By Philip Orona
Coming off from playing a few remastered, hi-res RPGs of late, a return to the roots can seem like a good idea from a rose tinted perspective. I fondly recall playing a ton of Dragon Warrior 1 as a kid, and playing it on Nintendo switch made me remember how many parts of the game I hated. Also after re-playing a few hours of Phantasy Star 2, I recalled that a good story and dialog made up for the arduous grinding required to get anywhere in that game. Old school RPG fans will always look back on the Ultimas and Final Fantasy series of yore and can generally recall what made them special, but will also remember that those experiences are sometimes better left in the past. Pixelot tries to recapture the nostalgia factor of games like Dragon Warrior 3 and the like, but doesn’t quite grasp the tangibles that placed those games near and dear to our heart, and without those X-factors, it may fail to grab its target demographic.
You start off in your new game by choosing your class and right off the bat we are presented with a problem. Each class should have its own set of stats, strengths, and weaknesses as we would expect in an RPG but when comparing each one, while they do differ, they do not seem to differ enough that choosing any of them would change the way you play. An Oracle’s power and HP are pretty much the same as a Ninja or Paladin. To that point, a Sage’s speed is on par with the Ninja which is also the same as the Oracle. I can only fathom that the Reaper class is like a dark knight but why is his agility so much higher than a Paladins? Some of the stats don’t seem to make sense. Once you select your class, you can play with gender, hair color and skin to customize your blocky avatar and off you go into “A Link to the Past” type backstory before being dropped into a quick tutorial.
The battle is simple – you have attack, magic, and item as your options. You target your monster and attack in a turn-by-turn battle system that involves using the mouse. Once that’s done, you have your “It’s dangerous to go alone, take this” moment, and then are escorted outside by a local portal. Once in the overworld, things get very “Pokemon”. As you walk through the thickets of underbrush and shrubbery, you can encounter random monsters, but if you cross the sight path of a local bandit on the path, you must duel—err… fight. Here, Instead of throwing pocket monsters, you throw hands till someone’s HP hits zero. After every battle, mana and HP is fully restored. You also receive materials such as wood and leather which can be used to upgrade your equipment. After enough battles your character can level up which increases your stats.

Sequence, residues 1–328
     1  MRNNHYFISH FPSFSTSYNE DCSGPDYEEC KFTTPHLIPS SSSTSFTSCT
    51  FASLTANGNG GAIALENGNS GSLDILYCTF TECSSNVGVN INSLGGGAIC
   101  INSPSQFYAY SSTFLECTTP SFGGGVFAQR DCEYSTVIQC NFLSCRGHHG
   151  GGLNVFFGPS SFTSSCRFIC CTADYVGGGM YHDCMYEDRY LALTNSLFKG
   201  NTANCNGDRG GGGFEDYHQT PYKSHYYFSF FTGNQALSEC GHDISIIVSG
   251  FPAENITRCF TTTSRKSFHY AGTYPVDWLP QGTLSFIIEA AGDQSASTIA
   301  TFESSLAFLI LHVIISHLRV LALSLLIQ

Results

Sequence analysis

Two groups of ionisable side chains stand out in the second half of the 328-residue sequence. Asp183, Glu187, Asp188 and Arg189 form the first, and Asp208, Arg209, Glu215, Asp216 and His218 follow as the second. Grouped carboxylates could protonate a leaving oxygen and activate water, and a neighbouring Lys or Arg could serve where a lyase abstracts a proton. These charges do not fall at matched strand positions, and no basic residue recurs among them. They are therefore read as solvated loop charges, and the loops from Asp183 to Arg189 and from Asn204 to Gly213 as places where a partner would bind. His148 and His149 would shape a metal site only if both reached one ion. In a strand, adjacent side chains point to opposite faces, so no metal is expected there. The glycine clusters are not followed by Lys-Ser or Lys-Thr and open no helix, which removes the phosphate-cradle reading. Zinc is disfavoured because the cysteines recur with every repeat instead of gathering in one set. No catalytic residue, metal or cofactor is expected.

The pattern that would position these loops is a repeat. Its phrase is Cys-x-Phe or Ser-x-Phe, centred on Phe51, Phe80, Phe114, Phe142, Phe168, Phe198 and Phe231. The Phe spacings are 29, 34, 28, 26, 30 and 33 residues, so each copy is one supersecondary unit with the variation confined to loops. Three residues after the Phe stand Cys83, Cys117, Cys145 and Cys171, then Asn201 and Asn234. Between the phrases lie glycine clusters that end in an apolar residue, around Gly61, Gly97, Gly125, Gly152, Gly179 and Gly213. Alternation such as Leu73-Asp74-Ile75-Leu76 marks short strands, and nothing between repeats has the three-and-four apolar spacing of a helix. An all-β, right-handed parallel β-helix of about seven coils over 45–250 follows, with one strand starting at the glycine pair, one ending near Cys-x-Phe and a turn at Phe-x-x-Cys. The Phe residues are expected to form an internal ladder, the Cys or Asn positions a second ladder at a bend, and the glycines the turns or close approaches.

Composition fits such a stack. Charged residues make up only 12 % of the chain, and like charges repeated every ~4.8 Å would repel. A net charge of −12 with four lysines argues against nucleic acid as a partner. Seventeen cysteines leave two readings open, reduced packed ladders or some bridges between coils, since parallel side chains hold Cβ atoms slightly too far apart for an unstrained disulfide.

A couple of quirks to note here – there is no save option. The game autosaves after each battle for you. If you want to reload the game to fix a mistake, you have to quit the game and restart it, then load your save and hope it didn’t autosave after your mistake. The music in the overworld is very “pokemon-ish” but the battle and victory tunes sound more like something you would hear in Ultima, so sound design is a little disjointed. Also the inventory is a bit of a mess. There is no way to re-organize it and there are spots for key items that you do not yet own like color keys. I don’t need spots in my inventory with a count of 0 for things I do not have! Also, during some boss battles, the game closed\crashed on me for some reason, which was a little frustrating.
The game is very thin on story. Go to town A, there is a problem, solve it by fighting monsters then move on to town B. While there are some attempts at humor with 4th wall breaking dialogue and references, there is little to no character development, which to be fair, is in-line with the first couple of Dragon Quest and Ultima games, but there is a reason we moved beyond that. We want a reason to care for the pixels on screen and to identify with someone we are playing as if we are going to be spending hours on end with them. I’m not saying they need to fridge a playable character with inexplicable permadeath for shock value (I’m of course looking at you Phantasy and Fantasy titles) but give us something to work with beyond a few lines of “Argh, I’m a bandit!” or ”Hello, I’m a priest here to destroy the undead!”
On the positive side, the longer you play the game, the more there is to discover. If you have the fortitude to push past the initial slog, you will find an expansive party and dynamic battle system that gives you different moves and techniques to fight with as the battle progresses. However there isn’t much beyond this and a multitude of fetch quests and A to B monster hunts till the very end. Still, If you are a sucker for RPG tropes and other franchise references, this game is a love letter to you.
The multitude of retro-like titles strive to stir the feeling of nostalgia, but at the end of the day, there has to be some depth to keep us involved and engaged. Pixelot really tries to deliver with the optional, hidden playable characters and quick and intuitive battle system. Having said that, without character development, world building dialog and a more diverse job system, it is difficult to find motivation to continue questing through this 8-bit world to its conclusion. However, for 6 dollars and a first time effort from developer Kyle Berger, I can applaud the effort. It is a solid game to play in short bursts as it is easy to pick up and put down and is simple enough for my kids to play and understand. In a world of heavy topic titles like Final Fantasy and Xenogears, perhaps simple is something we need to provide balance.
What I like:
Easy to pick up and put down
Easy to understand
What I would improve:
A more diverse job system
Add the ability to manually save and load
More cohesive sound design
Half minute hero for PSVita
Dragon Quest 1 for Nintendo Switch